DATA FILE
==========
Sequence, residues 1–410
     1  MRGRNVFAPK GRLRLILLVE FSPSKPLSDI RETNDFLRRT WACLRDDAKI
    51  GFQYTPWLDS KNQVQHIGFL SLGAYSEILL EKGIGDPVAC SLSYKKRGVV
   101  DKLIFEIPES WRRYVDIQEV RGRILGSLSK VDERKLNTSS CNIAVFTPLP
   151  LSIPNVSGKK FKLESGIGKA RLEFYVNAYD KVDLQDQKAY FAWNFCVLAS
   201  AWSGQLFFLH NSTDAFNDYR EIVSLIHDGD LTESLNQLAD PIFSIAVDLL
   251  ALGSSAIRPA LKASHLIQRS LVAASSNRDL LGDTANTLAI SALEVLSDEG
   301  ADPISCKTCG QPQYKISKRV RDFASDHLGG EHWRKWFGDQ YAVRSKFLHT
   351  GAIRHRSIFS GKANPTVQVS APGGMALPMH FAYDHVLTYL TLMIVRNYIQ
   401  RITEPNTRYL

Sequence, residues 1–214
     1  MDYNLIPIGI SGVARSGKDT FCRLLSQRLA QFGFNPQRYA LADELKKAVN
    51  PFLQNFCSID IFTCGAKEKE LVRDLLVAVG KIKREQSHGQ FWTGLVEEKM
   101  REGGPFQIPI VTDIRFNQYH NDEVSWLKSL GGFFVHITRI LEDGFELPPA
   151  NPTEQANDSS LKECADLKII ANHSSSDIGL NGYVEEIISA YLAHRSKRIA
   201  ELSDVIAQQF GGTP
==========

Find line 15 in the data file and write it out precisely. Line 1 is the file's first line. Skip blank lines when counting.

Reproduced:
   151  NPTEQANDSS LKECADLKII ANHSSSDIGL NGYVEEIISA YLAHRSKRIA